In Nietzsche's On the Genealogy of Morals, how does slave morality triumph over master morality?

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Nietzsche argued that a distinction existed between the morality of masters or the nobles of a society and those of their slaves, or those who are poor and powerless compared to the masters. Master morality is defined as "good" by the masters, because they see themselves as "good" because of the power that they have. The masters look at the slaves and see that the slaves are characterised by the opposite of what characterises them as masters, and thus think that the slaves are "bad." Master morality is thus defined by the contrast between what is seen as "good" and "bad" as defined by the identity of the masters.

Slave morality, by contrast, is something that is developed by the "slaves," or those who are poor, powerless and weak compared to the masters or nobles. They resent and hate the status and power of the nobles and masters, and think of them as being "evil" and see themselves as "good" because of the imbalance of power between them. Slave morality is thus defined by what is seen as "good" and "bad" as defined by the weak and powerless of a society. 

Nietzsche argued that slave morality would always triumph over master morality because slave morality, based on the resentment that drives it, caused the "slaves" to become more intelligent than the masters and spend far more time nursing their grudges and resentment. Note the following quote from Nietzsche that explores the difference between slave morality and master morality:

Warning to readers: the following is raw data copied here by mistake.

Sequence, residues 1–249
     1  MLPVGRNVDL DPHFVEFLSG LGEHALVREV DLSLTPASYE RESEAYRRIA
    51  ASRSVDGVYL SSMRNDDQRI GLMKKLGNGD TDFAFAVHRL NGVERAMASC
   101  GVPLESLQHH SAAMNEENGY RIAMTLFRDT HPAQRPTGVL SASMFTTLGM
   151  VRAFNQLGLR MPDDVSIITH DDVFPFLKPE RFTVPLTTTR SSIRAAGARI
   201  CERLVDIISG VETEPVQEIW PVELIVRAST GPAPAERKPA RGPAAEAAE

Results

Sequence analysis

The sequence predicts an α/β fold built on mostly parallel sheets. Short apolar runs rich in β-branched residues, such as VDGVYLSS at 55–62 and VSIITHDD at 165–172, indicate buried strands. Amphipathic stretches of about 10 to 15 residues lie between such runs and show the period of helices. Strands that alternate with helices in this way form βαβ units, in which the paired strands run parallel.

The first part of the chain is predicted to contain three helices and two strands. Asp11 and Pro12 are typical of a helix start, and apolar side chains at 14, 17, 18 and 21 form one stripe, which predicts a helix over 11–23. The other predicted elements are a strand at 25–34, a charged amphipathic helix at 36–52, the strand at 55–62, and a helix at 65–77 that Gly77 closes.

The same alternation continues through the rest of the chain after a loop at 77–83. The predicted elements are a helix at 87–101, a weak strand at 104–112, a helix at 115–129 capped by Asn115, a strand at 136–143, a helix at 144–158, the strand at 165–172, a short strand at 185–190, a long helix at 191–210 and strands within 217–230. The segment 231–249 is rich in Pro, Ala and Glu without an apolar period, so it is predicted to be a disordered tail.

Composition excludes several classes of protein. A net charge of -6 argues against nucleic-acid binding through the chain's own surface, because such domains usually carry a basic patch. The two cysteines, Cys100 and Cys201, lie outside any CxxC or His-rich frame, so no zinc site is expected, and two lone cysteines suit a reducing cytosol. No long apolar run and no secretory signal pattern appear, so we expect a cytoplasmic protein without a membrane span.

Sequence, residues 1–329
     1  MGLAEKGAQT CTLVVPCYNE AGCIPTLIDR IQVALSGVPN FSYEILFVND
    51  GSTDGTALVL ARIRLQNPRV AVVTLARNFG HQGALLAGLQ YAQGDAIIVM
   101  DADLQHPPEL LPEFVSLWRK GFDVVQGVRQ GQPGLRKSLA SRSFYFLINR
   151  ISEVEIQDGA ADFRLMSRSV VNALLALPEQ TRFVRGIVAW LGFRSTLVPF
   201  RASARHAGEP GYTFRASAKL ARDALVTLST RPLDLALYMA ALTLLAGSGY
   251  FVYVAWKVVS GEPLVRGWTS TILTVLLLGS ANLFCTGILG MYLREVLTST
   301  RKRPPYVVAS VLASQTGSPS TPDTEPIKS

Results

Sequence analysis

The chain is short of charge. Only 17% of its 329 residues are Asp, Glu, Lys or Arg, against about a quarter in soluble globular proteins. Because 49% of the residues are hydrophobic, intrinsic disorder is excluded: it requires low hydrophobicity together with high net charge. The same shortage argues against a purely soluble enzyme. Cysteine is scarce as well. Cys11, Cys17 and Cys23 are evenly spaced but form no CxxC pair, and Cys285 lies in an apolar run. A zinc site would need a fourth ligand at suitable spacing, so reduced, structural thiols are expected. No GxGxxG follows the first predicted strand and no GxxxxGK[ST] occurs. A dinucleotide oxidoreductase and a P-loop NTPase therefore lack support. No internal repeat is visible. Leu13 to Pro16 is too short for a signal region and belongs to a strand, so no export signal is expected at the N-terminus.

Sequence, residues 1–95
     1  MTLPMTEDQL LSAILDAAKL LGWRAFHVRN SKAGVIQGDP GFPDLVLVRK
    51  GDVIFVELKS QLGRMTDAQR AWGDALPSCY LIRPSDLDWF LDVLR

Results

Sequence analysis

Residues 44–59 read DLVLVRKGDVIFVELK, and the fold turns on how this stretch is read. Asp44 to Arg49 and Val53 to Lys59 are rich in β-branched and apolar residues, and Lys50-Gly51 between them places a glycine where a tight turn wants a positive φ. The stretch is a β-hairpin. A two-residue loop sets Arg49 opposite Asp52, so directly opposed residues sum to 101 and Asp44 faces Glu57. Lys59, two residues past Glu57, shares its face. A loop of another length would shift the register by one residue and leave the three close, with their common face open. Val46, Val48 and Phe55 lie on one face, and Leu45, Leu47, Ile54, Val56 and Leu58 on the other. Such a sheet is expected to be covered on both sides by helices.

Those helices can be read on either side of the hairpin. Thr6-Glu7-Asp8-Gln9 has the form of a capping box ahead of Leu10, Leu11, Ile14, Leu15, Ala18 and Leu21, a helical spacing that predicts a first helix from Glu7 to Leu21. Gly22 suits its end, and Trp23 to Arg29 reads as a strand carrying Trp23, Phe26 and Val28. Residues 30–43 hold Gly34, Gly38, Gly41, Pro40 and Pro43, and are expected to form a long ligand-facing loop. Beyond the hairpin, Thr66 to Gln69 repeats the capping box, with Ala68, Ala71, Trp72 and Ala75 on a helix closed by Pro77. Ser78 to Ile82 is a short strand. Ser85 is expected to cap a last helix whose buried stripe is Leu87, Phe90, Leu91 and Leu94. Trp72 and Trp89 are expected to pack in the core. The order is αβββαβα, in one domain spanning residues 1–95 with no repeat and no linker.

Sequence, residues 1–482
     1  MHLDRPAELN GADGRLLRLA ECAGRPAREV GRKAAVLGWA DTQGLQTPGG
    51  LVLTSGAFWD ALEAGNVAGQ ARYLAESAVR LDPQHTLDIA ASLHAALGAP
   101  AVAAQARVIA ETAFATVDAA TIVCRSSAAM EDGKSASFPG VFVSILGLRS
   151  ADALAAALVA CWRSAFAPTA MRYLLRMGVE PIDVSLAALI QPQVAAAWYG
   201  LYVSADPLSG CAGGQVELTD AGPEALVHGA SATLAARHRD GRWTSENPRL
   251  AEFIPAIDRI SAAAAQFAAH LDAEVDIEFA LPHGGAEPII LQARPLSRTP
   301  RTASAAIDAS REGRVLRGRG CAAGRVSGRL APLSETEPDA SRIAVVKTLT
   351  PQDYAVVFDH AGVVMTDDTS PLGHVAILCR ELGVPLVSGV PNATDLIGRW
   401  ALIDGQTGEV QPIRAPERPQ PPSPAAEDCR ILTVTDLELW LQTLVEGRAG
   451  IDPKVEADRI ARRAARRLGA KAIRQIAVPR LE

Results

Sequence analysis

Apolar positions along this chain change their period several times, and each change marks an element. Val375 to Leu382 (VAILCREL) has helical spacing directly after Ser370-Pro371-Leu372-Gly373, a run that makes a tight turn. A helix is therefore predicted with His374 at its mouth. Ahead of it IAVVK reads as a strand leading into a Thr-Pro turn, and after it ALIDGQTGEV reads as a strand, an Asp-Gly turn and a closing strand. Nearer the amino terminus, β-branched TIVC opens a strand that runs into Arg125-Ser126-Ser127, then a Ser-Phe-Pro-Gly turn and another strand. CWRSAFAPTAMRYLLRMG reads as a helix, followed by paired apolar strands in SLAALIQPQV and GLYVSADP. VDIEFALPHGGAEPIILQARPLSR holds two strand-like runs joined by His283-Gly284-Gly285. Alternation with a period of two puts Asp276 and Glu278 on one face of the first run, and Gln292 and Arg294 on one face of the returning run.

To be incapable of taking one's enemies, one's accidents, even one's misdeeds seriously for very long—that is the sign of strong, full natures in whom there is an excess of the power to form, to mold, to recuperate and to forget... Such a man shakes off with a single shrug many vermin that eat deep into others; here alone genuine 'love of one's enemies' is possible—supposing it to be possible at all on earth. How much reverence has a noble man for his enemies!—and such reverence is a bridge to love.—For he desires his enemy for himself, as his mark of distinction; he can endure no other enemy than one in whom there is nothing to despise and very much to honor! In contrast to this, picture 'the enemy' as the man of ressentiment conceives him—and here precisely is his deed, his creation: he has conceived 'the evil enemy,' 'the Evil One,' and this in fact is his basic concept, from which he then evolves, as an afterthought and pendant, a 'good one'—himself!

Having a "strong, full nature" as a master is actually a negative, Nietzsche argued, as it meant that you could forget the injustice and evil of others. By contrast, slave morality by its very definition causes the "slaves" to linger on their resentment and to let it fester into acts that will eventually overcome master morality.